the one who had nowhere to lay his head,
no safe place,
no secure home,
no passport or visa,
no certified citizenship.
We gather around him in our safety, security, and well-being,
and fret about ‘illegal immigrants.’
We fret because they are not like us
and refuse our language.
We worry that there are so many of them
and their crossings do not stop.
We are unsettled because it is our tax
dollars that sustain them and provide services.
We feel the hype about closing borders and heavy fines,
because we imagine that our life is under threat.
And yet, as you know very well,
we, all of us–early or late–are immigrants
we are glad for cheap labor
and seasonal workers
who do tomatoes and apples and oranges
to our savoring delight.
And beyond that, even while we are beset by fears
and aware of pragmatic costs,
we know very well that you are the God
who welcomes strangers,
who loves aliens and protects sojourners.
As always, we feel the tension and the slippage
between the deep truth of our faith
and the easier settlements of our society.
We do not ask for an easy way out,
but for courage and honesty and faithfulness.
Give us ease in the presence of those unlike us;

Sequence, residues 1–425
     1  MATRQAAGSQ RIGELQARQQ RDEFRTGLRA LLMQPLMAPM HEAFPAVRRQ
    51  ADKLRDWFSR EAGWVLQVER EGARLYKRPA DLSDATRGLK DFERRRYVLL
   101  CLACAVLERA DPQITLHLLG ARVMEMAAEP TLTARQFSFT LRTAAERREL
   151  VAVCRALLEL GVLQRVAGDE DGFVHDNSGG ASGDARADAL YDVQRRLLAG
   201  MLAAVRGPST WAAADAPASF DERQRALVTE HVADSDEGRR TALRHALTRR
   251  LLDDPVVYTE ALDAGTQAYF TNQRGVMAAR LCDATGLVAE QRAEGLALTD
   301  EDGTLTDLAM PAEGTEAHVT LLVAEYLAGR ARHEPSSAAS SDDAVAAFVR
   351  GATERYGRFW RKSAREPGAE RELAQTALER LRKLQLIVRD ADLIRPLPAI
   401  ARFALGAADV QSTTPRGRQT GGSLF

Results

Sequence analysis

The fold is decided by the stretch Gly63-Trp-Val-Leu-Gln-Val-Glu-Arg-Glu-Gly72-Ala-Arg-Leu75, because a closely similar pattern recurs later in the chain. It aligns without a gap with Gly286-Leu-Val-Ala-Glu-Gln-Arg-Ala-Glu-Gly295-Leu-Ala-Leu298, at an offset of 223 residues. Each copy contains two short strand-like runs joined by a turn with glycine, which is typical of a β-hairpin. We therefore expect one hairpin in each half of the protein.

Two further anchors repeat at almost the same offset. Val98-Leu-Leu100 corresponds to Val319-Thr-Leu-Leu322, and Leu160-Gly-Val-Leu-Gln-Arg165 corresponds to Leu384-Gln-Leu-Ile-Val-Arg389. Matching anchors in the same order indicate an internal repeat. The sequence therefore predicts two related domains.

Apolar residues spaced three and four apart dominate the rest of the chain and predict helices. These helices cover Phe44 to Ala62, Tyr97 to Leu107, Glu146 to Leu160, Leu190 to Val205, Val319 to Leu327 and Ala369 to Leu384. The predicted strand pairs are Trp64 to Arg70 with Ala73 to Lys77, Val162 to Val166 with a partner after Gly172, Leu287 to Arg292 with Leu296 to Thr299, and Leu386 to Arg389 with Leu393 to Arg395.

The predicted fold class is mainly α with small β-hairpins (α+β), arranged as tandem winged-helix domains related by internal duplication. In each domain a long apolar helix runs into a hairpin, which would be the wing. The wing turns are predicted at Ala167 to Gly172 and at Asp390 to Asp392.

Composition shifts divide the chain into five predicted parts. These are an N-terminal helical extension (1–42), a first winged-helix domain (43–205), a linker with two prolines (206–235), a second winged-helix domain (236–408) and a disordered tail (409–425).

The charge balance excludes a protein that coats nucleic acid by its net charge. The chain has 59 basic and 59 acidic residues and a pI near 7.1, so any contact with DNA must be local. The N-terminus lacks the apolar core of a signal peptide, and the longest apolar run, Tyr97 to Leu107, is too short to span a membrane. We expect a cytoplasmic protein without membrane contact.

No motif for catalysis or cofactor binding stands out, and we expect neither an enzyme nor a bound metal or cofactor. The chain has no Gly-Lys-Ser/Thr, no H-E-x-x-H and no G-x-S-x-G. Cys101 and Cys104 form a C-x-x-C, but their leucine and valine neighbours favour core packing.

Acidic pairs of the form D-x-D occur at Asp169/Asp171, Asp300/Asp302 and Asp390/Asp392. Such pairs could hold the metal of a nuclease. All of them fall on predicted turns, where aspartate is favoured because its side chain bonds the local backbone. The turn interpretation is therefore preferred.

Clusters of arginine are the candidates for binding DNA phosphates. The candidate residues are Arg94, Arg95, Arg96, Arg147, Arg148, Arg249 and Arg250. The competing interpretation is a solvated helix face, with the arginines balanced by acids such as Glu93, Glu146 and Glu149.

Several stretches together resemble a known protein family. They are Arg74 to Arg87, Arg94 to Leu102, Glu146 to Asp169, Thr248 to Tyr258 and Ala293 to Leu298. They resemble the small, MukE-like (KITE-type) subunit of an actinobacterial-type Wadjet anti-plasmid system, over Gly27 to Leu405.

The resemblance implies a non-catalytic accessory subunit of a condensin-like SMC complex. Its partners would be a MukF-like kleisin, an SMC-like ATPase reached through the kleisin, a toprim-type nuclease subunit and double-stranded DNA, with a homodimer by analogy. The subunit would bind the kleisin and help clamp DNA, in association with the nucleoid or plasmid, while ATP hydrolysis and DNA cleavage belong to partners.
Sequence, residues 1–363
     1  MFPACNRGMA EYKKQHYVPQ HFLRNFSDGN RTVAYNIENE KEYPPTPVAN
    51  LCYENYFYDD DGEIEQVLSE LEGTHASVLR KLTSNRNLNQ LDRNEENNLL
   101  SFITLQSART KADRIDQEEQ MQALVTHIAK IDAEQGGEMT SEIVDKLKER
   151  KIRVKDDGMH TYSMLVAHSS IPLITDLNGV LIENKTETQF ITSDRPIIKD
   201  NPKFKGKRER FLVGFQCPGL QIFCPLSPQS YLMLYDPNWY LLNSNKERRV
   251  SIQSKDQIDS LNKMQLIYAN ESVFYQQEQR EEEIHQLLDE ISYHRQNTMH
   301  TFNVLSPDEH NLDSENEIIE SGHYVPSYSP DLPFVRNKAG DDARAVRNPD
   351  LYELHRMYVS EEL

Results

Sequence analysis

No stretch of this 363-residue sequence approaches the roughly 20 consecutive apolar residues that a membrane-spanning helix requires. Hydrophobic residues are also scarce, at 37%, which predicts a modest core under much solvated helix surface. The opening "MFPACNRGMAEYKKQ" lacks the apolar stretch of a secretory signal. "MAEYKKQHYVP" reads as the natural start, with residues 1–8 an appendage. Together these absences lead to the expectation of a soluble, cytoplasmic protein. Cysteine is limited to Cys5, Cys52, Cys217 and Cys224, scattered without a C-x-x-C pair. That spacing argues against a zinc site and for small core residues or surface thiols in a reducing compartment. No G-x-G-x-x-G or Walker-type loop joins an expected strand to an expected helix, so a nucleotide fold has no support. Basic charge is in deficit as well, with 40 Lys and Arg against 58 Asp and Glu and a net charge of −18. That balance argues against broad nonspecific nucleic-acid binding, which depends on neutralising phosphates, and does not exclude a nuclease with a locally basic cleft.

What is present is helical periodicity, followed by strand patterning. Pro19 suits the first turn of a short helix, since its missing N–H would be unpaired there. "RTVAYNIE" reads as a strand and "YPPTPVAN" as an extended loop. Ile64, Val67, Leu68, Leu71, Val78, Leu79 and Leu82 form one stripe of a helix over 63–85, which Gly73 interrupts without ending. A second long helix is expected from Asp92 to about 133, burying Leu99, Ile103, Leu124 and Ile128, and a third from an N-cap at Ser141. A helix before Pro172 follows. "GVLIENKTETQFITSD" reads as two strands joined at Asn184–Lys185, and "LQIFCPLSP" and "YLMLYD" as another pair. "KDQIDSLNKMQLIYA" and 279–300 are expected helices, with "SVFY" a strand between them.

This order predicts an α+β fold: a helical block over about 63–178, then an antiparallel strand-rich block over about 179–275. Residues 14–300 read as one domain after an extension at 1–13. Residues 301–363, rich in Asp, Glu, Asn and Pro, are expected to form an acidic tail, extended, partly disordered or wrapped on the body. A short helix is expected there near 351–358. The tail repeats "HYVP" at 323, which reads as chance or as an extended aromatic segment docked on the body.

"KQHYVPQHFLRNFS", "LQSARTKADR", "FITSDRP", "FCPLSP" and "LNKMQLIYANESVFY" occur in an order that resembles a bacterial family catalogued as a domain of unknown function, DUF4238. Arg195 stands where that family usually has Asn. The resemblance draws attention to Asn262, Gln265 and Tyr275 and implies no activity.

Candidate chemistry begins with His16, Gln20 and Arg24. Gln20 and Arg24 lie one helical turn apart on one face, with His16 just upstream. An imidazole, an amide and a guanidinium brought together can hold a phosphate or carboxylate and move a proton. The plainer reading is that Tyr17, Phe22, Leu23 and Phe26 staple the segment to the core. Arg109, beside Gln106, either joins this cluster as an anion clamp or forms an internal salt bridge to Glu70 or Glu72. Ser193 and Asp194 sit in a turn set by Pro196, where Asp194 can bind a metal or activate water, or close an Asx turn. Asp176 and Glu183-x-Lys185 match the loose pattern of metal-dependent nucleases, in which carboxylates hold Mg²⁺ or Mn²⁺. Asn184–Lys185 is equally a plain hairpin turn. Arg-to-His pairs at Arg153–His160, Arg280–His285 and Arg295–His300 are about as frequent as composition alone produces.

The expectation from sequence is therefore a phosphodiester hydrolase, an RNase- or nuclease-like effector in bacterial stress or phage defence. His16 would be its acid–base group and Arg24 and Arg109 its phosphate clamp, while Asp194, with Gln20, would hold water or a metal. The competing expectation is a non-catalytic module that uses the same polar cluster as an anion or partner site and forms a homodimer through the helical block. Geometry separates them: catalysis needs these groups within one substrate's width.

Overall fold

give us generously amid demands of those in need,
help us to honor those who trespass
as you forgive our trespasses.
You are the God of all forgiveness.
By your gracious forgiveness transpose us
into agents of your will,
that our habits and inclinations may more closely
follow your majestic lead, that our lives may
joyously conform to your vision of a new world.
We pray in the name of your holy Son, even Jesus.”
“He ensures that orphans and widows receive justice.
He shows love to the foreigners living among you
and gives them food and clothing.”
- Is your God one “who welcomes strangers, who loves aliens, and protects sojourners?” Has God welcomed you in this way?
- How, do you suppose, God “gave food and clothing” to foreigners living among Israel (Dt. 18) or ensured “that orphans and widows receive justice?”
- Helping those in need can be a discomforting, even dangerous act. It’s also not always easy to know how to help. As one who belongs to God, how can you be an “agent of his will”, following God’s majestic lead?
God of the helpless–help me follow your majestic lead.
For More: Prayers for A Privileged People by Walter Brueggemann (2010)
These “Daily Riches” are for your encouragement as you seek God and he seeks you. Thanks so much for following and sharing my blog! – Bill